Swarm’s engaging and memorable gameplay is driven by a unique agenda; instead of trying to protect the game’s protagonist, you’re tasked with destroying few to save many. Swarm rewards you for being inventive and aggressive, and whilst the game treads into frustrating territory because of at-times mind-numbing difficulty, it’s saved by rewarding and satisfying gameplay.

What Swarm Got Right

Rewarding Gameplay – Whilst the main objective is to collect DNA using “swarmites” to feed “Mama”, a giant blue alien organism that crashes into another alien world, the in-game score multiplayer dictates peculiar gameplay techniques in order to unlock future levels and rewards. In order to complete a level you need to return to Mama with at least one swarmite, however, as score propels your progression, collecting DNA simply isn’t enough, and so it’s important that you come up with unique and inventive ways to kill off the replenishable swarmites whilst ensuring you have enough left-over to collect DNA and make it back to Mama. This double-edged sword makes Swarm quite the challenging little gem, as you must focus on two main objectives to progress, both of which reward success with score, an integral part of progression.

Addictive Gameplay – Maintaining the balance between effective collection of DNA and efficient score-inducing killing of swarmites makes for a highly-addictive experience, part of which helps drive the fast-paced nature of the Swarm adventure. The swarmites are actually quite intelligent, often working together to ensure their own survival whilst focusing on the main objective at hand. This propels the depth and engaging nature of the experience, as you’re working with intelligent AI that blends in well with the game’s core gameplay agenda. Furthermore, the inclusion of online leaderboards and collectibles add worth to the title rather significantly, especially considering the game only takes a few hours to complete.

What Swarm Got Wrong

Quite Short – It’s such a shame that a game that looks so great and plays so well is so short. Online leaderboards and other features increase the worth alongside the main adventure, but you can’t help but feel like the experience is over well before it even begins. However, this length of adventure comes part and parcel with a small and low-priced game like this, although the superb flow of the experience would have justified a few extra hours.

Can Get Quite Difficult – Difficult is actually an understatement. As at times Swarm dictates quite a bit of attention, multitasking can be quite difficult, especially in the latter levels when you’re trying to keep an eye on the swarmites as well as obstacles in the environments. This is hardly a deal-breaker though, as Swarm is as addictive as it is frustratingly difficult, and it’s hard to pull away from its fast-paced action.

The Final Verdict

The core mechanics in Swarm are simple and engaging, and the score multiplayer and objectives make for a very frantic and at-times highly challenging experience. This puzzle/action game dictates every little bit of your attention, and it will punish you if you don’t provide it.

NBA Jam Review

This year, EA Canada and EA Sports have collaborated to provide audiences with NBA Jam. The game, fit for PS3, Wii and Xbox 360, is an extremely nostalgic game that reflects Midway’s graphics and gameplay of old. EA, this year, have produced an excessively loud, interactive game that comes off a long list of already existing NBA Jam gaming titles dating back to 1993. This year’s release of NBA Jam is absolute entertainment. It has amused audiences for nearly two decades in a variety of formats fit for different consoles. To put it simply: NBA Jam has not (and cannot) fail!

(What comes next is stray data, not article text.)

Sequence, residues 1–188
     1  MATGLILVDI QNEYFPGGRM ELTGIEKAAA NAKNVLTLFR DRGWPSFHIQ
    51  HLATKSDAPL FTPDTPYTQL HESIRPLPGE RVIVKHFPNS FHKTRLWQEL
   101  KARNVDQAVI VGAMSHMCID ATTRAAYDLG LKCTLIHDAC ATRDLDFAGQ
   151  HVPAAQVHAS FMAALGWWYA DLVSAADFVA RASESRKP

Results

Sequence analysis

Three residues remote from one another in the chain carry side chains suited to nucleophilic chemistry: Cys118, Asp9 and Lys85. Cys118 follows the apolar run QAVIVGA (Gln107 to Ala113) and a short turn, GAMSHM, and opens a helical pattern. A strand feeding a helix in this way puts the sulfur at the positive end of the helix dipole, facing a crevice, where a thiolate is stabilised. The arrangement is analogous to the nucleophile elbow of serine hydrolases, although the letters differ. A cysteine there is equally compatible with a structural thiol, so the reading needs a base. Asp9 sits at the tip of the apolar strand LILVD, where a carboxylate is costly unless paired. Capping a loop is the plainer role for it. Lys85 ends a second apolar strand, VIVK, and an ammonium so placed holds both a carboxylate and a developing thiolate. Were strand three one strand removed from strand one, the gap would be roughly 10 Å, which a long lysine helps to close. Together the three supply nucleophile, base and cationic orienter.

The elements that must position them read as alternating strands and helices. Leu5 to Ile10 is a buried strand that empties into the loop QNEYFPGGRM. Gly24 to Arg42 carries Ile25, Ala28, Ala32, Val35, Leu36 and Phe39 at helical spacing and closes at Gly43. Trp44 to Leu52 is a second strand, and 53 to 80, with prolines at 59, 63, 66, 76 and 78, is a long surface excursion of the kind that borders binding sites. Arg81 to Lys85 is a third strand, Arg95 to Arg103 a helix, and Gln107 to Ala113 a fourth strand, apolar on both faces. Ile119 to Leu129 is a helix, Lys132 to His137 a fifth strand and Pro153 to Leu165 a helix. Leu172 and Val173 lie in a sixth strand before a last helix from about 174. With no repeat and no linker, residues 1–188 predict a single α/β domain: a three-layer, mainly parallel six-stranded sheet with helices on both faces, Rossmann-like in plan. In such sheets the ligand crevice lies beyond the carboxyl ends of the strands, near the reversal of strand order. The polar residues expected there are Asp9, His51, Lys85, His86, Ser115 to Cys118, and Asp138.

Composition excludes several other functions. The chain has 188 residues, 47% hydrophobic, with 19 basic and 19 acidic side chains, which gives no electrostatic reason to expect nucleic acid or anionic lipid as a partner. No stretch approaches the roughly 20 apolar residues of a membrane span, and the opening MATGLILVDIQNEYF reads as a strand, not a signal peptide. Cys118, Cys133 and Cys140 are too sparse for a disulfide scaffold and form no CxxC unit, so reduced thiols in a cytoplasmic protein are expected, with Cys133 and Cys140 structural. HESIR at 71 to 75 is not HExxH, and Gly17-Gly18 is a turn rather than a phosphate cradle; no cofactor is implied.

The game’s graphics are definitely worthy of mention. 3D bodies are married with 2D heads, which gives players an impressive look. Whether it’s players on-court, or figures riding the sidelines, facial expressions are incredibly defined. Players leap and jump all over the place at varying heights too; the eye is never bored. It might seem like an unfair comparison, but the 2010 installment absolutely destroys the graphics and gameplay of past NBA installments. Acclaim Entertainment’s 2001 and 2002 NBA releases, for example, both of which were fit for Game Boy Color and Advance respectively are completely inferior to EA’s most recent contribution to the series. NBA Jam is too big for the small screen!

Gameplay, overall, is brilliant. Turbo meters keep gamers engaged and informed of how players are running onscreen. A variety of players also feature insides from both Eastern and Western conferences. There are also secret players that can be accessed too. Whether it’s one of the guys from Beastie Boys, G-Wiz from Washington Wizards, Barack Obama or even Sarah Palin, there are plenty of familiar faces that feature and entertain audiences. It’s a seriously tongue-in-cheek game, but its playfulness makes it such great value for hours on end. It’s a significant increase on the series’ previous 2003 installment, which only featured basketball players from the 1950s all the way through to the year of the game’s own release.

The game’s value is second to none; its variety of special features and easter eggs means plenty of exploration and hours of game time. Whilst audio gets a little repetitive in parts, the game is defined by fast-paced, cutthroat competition. Please, don’t fear: competition onscreen is always punctuated by hysterical commentary (the best feature of the game’s sound) and crazy on-court action. Whether you’re smashing the backboard or watching bosses tiff with one another, there’s never a dull moment. The classic campaign and remix tour game modes also mean that gamers can play the traditional 2-on-2, or they can alternate the format. In this sense, I’m a traditionalist: stick to the classic. Whatever game mode you choose though, there’s no time to be bored.

The Final Verdict

The 2010 release of NBA Jam has truly taken me back to my childhood. Whether it’s back to memories of playing NBA Jam on SNES, or battling NBA Jam Extreme out on Sega Saturn, EA’s most recent basketball release evokes nostalgia. It’s schizoid and tongue-in-cheek, but it’s completely and utterly awesome!